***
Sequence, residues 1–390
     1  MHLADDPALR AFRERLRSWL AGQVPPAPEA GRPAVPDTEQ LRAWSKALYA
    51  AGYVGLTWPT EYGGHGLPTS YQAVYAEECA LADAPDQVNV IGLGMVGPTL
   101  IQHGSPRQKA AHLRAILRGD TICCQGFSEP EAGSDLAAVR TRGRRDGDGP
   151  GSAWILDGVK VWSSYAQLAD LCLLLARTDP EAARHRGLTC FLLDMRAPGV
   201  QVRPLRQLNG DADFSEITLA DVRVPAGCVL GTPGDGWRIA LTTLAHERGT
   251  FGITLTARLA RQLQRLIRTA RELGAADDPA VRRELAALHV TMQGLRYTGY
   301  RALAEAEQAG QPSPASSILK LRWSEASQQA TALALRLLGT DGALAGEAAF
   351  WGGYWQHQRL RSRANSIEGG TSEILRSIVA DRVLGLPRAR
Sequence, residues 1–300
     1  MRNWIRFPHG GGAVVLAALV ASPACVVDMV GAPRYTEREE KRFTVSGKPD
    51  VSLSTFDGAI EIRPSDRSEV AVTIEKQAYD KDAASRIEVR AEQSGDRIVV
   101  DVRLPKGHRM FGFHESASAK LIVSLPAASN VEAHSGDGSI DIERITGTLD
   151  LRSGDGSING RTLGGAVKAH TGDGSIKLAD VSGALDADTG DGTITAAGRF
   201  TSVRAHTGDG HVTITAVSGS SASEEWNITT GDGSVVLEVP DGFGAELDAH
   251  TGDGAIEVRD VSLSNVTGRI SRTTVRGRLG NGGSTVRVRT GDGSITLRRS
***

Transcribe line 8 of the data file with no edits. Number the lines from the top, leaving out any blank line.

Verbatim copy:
   301  RALAEAEQAG QPSPASSILK LRWSEASQQA TALALRLLGT DGALAGEAAF